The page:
Thank you. My question is for Bob Katter. The youth in this area that belong to minority groups and in particular homosexuals, have a much higher rate of suicide. In the past, you have not addressed the topic of gay rigfhts, as you see it as irrelevant. Do you think it is appropriate for us to have a discussion about the links between regional Australia and suicide and willilngly omit an entire group of at risk individuals?

(Note: To put Katter in context, about 2011, his party came under fire for being behind an extremely homophobic advertisement that was, for a while, portraying a male gay couple in a most harmful stereotype. I for one haven’t seen that ad in ages, but it was even condemned by conservatives who aren’t for gay marriage. Katter has been linked with that ever since). Katter has in the past continued to ignore such concerns (or seems to) while continaully talking about other issues such as the economy, drought, etc. In reply (in short), Katter said:

I”m quite happy to address the issue any time anyone brings it to me, right? I have an electorate where I have a person committing suicide between Longreach and the Gulf of Carpentaria every two weeks in the cattle section. I have large First Australian communities, where it is absolutely endemic, right, and if you’re saying well, what’s your priorities? Well, the priorities that I got are the people that are confronting me and quite rightly confronting me. That is the problem that i have to deal with. You have a problem that you may have to deal with in your own life and if I can assist you in any way, I’m only happy to do that.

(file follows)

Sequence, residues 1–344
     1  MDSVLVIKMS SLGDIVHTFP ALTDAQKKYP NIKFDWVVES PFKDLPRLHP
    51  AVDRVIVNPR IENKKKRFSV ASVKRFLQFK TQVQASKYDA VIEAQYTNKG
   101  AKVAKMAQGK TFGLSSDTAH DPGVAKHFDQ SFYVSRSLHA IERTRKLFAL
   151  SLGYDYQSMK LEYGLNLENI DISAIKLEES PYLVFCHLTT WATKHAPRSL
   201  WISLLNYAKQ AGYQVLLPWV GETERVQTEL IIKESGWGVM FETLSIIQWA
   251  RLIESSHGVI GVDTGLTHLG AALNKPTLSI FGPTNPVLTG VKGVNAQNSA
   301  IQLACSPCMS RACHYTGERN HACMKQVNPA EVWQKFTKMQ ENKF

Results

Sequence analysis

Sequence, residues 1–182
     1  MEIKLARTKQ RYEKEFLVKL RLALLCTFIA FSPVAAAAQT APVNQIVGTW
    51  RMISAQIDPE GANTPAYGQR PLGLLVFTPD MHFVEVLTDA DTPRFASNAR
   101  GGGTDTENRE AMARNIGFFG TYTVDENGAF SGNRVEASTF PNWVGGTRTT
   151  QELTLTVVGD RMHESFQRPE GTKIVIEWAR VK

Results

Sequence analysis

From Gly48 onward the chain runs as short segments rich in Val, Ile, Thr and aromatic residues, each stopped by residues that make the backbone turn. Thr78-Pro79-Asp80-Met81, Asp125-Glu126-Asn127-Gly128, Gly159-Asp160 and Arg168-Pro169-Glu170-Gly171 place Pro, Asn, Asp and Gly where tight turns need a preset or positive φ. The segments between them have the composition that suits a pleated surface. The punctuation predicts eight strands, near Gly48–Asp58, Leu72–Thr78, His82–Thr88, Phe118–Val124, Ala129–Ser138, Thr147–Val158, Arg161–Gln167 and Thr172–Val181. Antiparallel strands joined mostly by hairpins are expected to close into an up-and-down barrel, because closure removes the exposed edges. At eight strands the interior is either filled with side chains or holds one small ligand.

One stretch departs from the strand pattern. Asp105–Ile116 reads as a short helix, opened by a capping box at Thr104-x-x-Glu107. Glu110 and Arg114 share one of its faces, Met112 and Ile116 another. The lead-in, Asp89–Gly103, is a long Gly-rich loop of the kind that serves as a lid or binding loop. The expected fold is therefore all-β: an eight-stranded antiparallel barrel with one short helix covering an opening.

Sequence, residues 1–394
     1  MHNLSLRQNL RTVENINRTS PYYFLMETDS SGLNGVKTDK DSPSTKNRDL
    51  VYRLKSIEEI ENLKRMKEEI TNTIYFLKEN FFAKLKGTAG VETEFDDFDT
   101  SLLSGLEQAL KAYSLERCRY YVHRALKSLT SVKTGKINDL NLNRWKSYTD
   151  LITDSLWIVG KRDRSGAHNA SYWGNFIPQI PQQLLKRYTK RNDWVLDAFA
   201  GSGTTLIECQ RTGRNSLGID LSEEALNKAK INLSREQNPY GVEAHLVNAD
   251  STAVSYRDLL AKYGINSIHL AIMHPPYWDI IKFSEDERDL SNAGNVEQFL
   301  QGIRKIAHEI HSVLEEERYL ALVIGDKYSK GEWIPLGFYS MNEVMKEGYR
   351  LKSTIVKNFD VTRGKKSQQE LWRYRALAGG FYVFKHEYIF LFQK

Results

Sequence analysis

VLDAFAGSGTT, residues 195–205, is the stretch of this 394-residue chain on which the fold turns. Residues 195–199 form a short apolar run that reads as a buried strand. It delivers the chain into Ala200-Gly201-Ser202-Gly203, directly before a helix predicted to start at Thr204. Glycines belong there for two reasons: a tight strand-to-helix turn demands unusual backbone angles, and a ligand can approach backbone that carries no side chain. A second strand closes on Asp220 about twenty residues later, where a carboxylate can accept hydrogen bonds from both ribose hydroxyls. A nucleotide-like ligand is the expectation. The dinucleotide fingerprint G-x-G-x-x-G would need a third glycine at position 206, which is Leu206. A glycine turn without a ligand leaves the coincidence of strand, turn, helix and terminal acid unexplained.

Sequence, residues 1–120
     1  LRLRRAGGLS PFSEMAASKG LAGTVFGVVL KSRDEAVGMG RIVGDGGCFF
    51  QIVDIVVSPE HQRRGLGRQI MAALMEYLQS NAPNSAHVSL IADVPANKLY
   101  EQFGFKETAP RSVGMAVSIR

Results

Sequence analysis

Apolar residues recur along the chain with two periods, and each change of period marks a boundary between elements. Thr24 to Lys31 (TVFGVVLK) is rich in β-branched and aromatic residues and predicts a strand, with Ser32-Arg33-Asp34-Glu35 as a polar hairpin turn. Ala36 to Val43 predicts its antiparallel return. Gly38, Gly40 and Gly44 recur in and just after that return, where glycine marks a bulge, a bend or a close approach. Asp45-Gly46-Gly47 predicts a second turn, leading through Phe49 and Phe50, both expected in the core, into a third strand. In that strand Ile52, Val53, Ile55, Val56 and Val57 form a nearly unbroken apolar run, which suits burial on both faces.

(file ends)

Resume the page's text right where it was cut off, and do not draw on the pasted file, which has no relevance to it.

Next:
Here’s my point, I can see sort of where Katter is coming from and what his priorities would lie in rural Queensland. Coming from a rural town myself, I can attest that there isn’t a lot of discussion about LGBT issues in rural areas. It’s quite possible that Katter himself hasn’t been directly asked by his electorate about issues surroudning LGBT+ rights. I’m not saying this to defend the advertisement his party was involved in or anything, I’m just saying that the discussion around LGBT+ rights in rural areas is minimal at best. A city near where i live is starting to talk abou it; people are coming out, etc, but it’s still only minimal.

Asexuality, not surprisingly, is barely discussed at all where I come from. I have bought the topic up with one friend directly and I’ve got my blog posts displayed on my Facebook page, but that’s it. Can I really blame anyone for being ignorant about asexuality if it isn’t been discussed directly? I don’t think so. And this is what I felt with this Q and A episode. Bob Katter can only deal with issues that people from his electorate tell him. If people haven’t opened up about LGBT+ issues, then how can he deal with them?


My guess is that as time goes by, there will be more honest discussion about LGBT+ people in rural areas, but i think it’s going to take time for people to get their head around. Maybe the more people that are willing to come out, or families share about members of their family to others who may identify as LGBT+, the more media exposure in country areas, maybe then, the more when Members of Parliament around Australia, including rural areas, can really join the discussion about LGBT+ rights.